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This is a concise introduction to current philosophical debates about truth. Combining philosophical and technical material, the book is organized around, but not limited to, the view known as deflationism. In clear language, Burgess and Burgess cover a wide range of issues, including the nature of truth, the status of truth-value gaps, the relationship between truth and meaning, relativism and pluralism about truth, and semantic paradoxes from Alfred Tarski to Saul Kripke and beyond. The book provides a rich picture of contemporary philosophical theorizing about truth, one that will be essential reading for philosophy students as well as philosophers specializing in other areas.
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Product details

  • Hardback | 176 pages
  • 140 x 216 x 22.86mm | 340g
  • New Jersey, United States
  • English
  • 1 table.
  • 069114401X
  • 9780691144016
  • 853,868

Back cover copy

"Surveying an important and much-discussed field, and balancing the nature and logic-and-paradox sides of truth in an easy-to-grasp fashion, this book is a major achievement. It is easily the best first step into truth studies available, but also an excellent short review for experts. It is difficult to write clearly and convey serious ideas about truth to nonspecialists, but the authors have somehow pulled it off."--JC Beall, University of Connecticut"This is a lively and well-written book by authors who know the field well and explain difficult ideas clearly and efficiently."--Matti Eklund, Cornell University
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Table of contents

Starred (*) technical sections optional Preface xi Acknowledgments xiii CHAPTER ONE: Introduction 1 1.1 Traditional Theories 2 1.2 Contemporary Theories 4 1.3 Paradoxes 5 1.4 Plan 7 1.5 Sentences 10 1.6 Propositions 12 CHAPTER TWO: Tarski 16 2.1 "Semantic" Truth 16 2.2 Object Language vs Metalanguage 18 2.3 Recursive Definition 22 2.4* Direct Definition 24 2.5* Self-Reference 28 2.6* Model Theory 29 CHAPTER THREE: Deflationism 33 3.1 Redundancy 34 3.2 Other Radical Theories 38 3.3 Disquotation 41 3.4 Other Moderate Theories 44 3.5 Sloganeering 47 3.6 Reference 49 CHAPTER FOUR: Indeterminacy 52 4.1 Presupposition 53 4.2 Vagueness 54 4.3 Denial, Disqualification, Deviance 55 4.4 Doublespeak, Dependency, Defeatism 59 4.5 Relativity 61 4.6 Local vs Global 65 CHAPTER FIVE: Realism 68 5.1 Realism vs Deflationism 68 5.2 Correspondence Theories 70 5.3 Truthmaker Theories 72 5.4 Physicalism 74 5.5 Utility 77 5.6 Normativity 79 CHAPTER SIX: Antirealism 83 6.1 Meaning and Truth 84 6.2 Davidsonianism 87 6.3 Dummettianism vs Davidsonianism 90 6.4 Dummettianism vs Deflationism 93 6.5 Holism 96 6.6 Pluralism 97 CHAPTER SEVEN: Kripke 102 7.1 Kripke vs Tarski 103 7.2 The Minimum Fixed Point 105 7.3 Ungroundedness 107 7.4* The Transfinite Construction 109 7.5* Revision 112 7.6* Axiomatics 113 CHAPTER EIGHT: Insolubility? 116 8.1 Paradoxical Reasoning 116 8.2 "Revenge" 118 8.3 Logical "Solutions" 120 8.4 "Paraconsistency" 123 8.5 Contextualist "Solutions" 124 8.6 Inconsistency Theories 127 Further Reading 135 Bibliography 143 Index 153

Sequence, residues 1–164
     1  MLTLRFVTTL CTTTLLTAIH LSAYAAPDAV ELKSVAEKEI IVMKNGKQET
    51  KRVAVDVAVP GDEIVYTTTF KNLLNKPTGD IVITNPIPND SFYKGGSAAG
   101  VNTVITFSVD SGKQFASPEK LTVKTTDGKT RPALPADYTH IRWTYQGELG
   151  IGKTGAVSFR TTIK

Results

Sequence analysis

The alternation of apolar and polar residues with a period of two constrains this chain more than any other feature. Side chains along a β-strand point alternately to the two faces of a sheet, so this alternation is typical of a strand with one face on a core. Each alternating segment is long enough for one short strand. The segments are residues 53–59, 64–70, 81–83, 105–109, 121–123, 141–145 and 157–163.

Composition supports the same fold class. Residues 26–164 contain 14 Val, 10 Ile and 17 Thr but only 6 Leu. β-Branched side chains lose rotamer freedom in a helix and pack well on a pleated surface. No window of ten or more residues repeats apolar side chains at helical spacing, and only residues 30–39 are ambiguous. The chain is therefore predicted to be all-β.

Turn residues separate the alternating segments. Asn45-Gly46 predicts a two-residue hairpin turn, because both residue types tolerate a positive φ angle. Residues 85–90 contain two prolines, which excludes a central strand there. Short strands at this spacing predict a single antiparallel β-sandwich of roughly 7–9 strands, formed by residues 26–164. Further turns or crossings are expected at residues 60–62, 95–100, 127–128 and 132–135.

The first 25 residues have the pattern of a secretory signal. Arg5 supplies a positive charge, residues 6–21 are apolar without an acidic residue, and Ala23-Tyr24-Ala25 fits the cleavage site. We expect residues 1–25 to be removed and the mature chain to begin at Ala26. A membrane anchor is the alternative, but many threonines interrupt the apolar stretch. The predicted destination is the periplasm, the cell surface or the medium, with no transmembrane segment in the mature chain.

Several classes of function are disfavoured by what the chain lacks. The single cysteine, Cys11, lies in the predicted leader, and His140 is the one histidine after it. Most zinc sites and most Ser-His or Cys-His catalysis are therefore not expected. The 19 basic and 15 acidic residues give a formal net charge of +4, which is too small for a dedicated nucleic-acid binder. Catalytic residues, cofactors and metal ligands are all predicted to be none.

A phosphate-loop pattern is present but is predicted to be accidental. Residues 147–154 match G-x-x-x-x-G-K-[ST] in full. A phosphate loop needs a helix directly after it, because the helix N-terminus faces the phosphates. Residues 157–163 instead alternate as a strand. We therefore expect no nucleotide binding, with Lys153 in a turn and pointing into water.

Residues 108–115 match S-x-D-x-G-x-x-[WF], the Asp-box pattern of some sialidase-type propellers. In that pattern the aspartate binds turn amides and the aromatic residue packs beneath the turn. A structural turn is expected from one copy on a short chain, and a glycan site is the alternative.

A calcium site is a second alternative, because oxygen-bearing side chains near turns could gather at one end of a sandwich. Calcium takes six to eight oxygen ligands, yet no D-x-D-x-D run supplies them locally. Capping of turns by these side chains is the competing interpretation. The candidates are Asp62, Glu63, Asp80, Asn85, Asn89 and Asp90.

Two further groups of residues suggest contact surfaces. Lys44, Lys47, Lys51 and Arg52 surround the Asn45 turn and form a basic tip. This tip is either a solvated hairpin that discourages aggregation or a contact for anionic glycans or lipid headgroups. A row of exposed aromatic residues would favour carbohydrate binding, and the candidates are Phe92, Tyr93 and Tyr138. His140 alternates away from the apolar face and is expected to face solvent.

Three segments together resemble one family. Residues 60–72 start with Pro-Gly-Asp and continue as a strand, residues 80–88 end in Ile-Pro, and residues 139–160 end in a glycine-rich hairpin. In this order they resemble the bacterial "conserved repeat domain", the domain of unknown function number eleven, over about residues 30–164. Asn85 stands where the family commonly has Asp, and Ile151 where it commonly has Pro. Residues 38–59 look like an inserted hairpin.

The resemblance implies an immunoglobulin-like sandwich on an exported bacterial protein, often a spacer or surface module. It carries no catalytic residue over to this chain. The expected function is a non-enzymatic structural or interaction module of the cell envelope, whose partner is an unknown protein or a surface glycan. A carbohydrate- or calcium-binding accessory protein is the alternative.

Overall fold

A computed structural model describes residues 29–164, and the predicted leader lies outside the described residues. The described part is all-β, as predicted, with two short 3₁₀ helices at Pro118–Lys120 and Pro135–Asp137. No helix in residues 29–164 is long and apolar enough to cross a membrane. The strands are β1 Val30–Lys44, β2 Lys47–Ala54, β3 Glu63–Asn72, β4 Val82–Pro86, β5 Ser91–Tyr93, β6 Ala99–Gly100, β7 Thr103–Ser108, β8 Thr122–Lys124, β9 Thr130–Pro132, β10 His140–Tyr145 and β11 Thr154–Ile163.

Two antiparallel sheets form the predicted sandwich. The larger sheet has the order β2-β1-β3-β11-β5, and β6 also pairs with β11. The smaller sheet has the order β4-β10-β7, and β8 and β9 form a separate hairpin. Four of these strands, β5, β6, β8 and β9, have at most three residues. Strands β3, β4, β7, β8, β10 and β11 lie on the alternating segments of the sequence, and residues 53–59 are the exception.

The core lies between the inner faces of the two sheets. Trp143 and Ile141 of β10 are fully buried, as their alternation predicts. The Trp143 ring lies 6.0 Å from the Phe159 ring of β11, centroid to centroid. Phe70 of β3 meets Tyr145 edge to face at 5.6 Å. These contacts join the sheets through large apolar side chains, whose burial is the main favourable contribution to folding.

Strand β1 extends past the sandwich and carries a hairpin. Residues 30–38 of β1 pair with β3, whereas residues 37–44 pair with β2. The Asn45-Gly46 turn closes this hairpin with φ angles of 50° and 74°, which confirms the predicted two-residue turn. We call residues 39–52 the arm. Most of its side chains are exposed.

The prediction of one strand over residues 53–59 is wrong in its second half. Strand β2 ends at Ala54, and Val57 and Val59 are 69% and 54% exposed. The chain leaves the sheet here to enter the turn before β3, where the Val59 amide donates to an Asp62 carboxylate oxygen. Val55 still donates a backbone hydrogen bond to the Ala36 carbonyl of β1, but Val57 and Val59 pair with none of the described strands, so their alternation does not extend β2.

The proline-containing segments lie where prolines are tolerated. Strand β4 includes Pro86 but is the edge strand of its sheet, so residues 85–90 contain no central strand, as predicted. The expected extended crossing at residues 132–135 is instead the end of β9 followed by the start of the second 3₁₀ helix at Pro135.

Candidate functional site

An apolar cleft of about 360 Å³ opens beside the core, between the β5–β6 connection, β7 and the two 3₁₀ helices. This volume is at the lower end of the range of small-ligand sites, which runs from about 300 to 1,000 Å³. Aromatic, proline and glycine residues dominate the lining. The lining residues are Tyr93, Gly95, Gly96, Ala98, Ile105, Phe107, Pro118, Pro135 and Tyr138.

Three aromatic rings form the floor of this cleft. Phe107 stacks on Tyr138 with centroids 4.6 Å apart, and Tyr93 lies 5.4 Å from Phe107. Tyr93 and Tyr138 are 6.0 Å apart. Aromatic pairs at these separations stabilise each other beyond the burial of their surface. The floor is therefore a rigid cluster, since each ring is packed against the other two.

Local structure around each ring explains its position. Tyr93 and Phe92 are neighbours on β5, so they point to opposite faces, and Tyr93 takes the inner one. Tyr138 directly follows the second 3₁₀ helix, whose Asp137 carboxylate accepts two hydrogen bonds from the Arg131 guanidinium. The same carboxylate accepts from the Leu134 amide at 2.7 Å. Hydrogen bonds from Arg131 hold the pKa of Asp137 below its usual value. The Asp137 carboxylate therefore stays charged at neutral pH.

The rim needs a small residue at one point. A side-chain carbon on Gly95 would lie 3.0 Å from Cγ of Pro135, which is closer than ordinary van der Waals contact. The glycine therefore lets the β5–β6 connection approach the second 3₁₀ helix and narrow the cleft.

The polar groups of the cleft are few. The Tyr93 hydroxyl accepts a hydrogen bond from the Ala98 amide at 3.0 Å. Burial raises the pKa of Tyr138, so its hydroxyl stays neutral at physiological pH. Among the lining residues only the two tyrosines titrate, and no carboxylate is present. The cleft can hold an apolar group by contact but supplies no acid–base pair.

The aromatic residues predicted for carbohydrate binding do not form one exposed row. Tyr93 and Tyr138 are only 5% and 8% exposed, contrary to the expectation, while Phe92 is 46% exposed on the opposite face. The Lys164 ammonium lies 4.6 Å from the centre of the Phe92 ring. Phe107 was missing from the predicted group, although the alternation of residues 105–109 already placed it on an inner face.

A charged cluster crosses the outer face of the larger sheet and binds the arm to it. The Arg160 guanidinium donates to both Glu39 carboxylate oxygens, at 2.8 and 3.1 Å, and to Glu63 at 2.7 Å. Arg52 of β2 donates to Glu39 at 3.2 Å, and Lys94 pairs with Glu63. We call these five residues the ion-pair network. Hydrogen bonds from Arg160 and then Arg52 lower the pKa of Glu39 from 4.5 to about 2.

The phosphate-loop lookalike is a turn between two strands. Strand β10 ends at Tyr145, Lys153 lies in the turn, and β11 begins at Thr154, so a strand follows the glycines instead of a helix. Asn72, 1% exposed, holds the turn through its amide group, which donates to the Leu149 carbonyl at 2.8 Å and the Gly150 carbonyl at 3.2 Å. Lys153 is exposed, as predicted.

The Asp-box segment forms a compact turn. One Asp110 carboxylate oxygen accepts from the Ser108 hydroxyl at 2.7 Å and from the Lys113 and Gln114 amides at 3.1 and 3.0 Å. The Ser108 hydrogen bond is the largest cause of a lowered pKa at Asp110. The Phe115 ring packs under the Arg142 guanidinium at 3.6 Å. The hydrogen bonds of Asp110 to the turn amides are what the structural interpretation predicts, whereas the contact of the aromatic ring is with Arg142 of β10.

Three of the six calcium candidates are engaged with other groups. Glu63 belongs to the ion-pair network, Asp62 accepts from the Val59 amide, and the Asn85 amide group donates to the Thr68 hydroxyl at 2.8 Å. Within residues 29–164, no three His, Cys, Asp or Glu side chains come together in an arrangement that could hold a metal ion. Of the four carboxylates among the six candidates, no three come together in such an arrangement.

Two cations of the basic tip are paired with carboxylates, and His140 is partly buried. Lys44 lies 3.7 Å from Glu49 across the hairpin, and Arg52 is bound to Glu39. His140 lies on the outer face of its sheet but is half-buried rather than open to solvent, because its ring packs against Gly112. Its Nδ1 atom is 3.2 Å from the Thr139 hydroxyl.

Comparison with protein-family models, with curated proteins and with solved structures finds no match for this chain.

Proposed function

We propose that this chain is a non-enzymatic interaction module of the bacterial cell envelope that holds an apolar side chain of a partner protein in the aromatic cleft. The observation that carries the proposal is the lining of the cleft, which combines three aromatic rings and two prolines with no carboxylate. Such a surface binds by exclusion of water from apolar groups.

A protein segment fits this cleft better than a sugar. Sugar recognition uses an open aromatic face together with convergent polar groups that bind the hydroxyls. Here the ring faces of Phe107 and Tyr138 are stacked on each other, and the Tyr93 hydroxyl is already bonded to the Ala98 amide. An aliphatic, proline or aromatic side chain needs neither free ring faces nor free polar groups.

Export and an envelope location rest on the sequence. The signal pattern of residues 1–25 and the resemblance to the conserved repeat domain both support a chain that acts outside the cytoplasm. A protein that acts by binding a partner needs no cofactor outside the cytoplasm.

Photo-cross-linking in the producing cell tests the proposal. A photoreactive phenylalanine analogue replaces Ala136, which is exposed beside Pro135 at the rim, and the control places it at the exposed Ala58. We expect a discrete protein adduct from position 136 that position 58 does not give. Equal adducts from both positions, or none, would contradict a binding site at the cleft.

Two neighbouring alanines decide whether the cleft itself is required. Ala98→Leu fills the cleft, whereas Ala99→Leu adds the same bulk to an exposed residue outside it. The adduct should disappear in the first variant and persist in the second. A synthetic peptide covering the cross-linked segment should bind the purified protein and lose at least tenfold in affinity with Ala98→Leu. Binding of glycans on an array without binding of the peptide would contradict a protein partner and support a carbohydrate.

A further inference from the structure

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Review quote

"Truth is remarkably succinct... Yet it covers a great amount of ground with accessible discussions of a variety of topics... [I]ntelligent and provocative."--Michael P. Lynch, Notre Dame Philosophical Reviews "Burgess and Burgess's book will be widely praised for wielding together the current approaches to truth and to paradoxes, without ceasing to be essentially introductory. Surely, this is an important achievement."--Andreas Karitzis, Metascience "Professors of philosophy, the authors have done a succinct and critical analysis of some theories of truth: deflationism, indeterminacy, insolubility, realism, and antirealism... Throughout the volume, one can see the mathematical precision of the reasoning of the concepts presented here that could be a model for all endeavours of research into complex areas of philosophy. This book could be an inspiration for further work on truth."--Prabuddha Bharata
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About Alexis G. Burgess

Alexis G. Burgess is assistant professor of philosophy at Stanford University. John P. Burgess is the John N. Woodhull Professor of Philosophy at Princeton University. His books include "Philosophical Logic" and "Fixing Frege" (both Princeton).
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Rating details

22 ratings
3.64 out of 5 stars
5 18% (4)
4 36% (8)
3 36% (8)
2 9% (2)
1 0% (0)
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